How To Make A Box For A Sharpening Stone Homemade Woodworking Tools
I bought this large sharpening stone around 3 years ago, and it was always my intention to make a box with a lid to keep it, but never got around to doint that. When a recent project that I’d put a lot of time into went off the rails, I looked around for something I could do to replace it as regular content, and settled on this.
It’s an oil stone that is 2-1/2″ wide, 11-7/16″ long and one inch thick. It has a fine side and a coarse side, and I use it for nearly all of my sharpening tasks. Up until now, I’d been keeping it wrapped in a cloth to try to keep the dust off of it when it’s not being used.
Originally I was going to do something very basic – just a simple wooden box with a simple lid, but decided that I’d get a bit fancier and make the lid interlocking. A box that holds a stone like this really doesn’t need it, since the stone will stick up past the sides on the bottom anyway, and that can align the lid. But I figured now was a good time to show how to make one, since they are great for other purposes.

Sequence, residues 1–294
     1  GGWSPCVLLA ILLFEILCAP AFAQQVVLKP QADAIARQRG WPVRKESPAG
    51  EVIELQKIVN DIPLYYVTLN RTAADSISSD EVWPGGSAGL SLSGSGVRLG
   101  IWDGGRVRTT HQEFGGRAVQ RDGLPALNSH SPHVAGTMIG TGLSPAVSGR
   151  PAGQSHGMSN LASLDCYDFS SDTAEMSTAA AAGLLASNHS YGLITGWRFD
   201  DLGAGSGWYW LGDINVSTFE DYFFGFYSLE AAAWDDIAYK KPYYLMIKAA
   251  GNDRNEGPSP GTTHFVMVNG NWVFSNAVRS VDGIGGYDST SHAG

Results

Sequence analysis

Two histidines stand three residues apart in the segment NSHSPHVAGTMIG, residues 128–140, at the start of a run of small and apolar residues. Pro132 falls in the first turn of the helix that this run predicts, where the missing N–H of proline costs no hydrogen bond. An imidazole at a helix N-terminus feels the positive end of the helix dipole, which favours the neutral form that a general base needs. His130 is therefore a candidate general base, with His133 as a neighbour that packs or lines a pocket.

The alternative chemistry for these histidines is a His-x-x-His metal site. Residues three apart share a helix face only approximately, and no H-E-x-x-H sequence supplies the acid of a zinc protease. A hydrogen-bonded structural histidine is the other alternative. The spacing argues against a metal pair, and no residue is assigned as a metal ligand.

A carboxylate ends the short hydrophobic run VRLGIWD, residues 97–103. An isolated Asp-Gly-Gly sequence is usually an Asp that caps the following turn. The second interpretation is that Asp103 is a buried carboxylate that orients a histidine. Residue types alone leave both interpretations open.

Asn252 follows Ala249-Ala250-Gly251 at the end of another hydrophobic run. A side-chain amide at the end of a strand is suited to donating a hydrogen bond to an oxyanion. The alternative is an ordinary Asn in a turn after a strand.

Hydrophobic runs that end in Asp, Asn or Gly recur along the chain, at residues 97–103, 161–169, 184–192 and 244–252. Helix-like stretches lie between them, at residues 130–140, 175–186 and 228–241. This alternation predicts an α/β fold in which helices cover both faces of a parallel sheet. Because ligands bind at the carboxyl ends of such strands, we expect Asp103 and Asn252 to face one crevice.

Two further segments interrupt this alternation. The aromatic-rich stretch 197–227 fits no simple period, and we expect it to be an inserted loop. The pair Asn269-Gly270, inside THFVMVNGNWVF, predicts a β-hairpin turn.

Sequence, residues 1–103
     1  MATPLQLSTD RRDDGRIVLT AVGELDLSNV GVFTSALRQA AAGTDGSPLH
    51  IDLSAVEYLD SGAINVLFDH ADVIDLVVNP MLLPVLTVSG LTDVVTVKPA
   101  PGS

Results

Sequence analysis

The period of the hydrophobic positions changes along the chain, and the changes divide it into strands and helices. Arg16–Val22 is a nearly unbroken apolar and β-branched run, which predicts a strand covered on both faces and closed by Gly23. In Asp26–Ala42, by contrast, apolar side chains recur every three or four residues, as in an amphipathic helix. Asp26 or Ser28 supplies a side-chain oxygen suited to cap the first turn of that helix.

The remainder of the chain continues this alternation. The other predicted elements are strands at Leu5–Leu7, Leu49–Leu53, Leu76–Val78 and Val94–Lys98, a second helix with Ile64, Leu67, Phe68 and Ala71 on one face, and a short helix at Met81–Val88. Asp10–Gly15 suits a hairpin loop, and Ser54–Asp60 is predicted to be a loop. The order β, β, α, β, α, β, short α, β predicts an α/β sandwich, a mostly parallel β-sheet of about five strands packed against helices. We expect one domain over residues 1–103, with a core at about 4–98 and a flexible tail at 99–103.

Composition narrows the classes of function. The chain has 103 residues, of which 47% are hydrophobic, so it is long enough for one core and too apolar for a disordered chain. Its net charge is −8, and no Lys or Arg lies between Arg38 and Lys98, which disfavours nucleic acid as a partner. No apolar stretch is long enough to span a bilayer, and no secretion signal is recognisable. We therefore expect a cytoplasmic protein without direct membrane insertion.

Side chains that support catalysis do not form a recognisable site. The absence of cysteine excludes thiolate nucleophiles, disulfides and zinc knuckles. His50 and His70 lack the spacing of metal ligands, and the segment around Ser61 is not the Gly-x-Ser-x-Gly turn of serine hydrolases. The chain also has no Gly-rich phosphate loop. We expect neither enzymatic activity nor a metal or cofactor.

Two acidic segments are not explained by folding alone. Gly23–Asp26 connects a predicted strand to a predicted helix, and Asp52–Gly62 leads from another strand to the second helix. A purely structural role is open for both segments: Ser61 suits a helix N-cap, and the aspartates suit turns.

I started with a simple drawing to get the dimensions I’d need, and that involved designing the parts that make up the sides of the bottom and top so that they would be the same size:
The benefit is that I could cut all of the parts at the same time. As you can see above, they have a rabbet cut on the edge that fits into a rabbet cut on the other piece. This was a sample I cut from the rest of the stock to fine turn the fit before cutting the rest.
They had to have another rabbet cut to receive the top and bottom panel, and you need to pay attention to the orientation:
After the basic cutting was done, I taped the top and bottom pieces for the sides together, so that I could cut them to length at the same time:
I then separated them and laid the parts out to glue together:
The video at the bottom of this page shows how I used masking tape to clamp the miters together for the glue up. That’s an old trick, but one that’s very reliable and quite strong when the parts fit together well.
I let the glue dry for several hours then removed the tape that I used to clamp the miters:
And checked the fit:
I made the top and bottom panels from 1/2″ plywood, cut to a snug fit and glued in:
Since this is an oil stone, this box will get quite dirty over time, but I figured a coat or two of water based poly would at least make it easier to keep clean. I brushed on a coat and let it dry before lightly sanding with 220 grit paper. A second and third coat was applied as well:
And here it is with the stone put in:
Here’s a video showing the build from start to finish: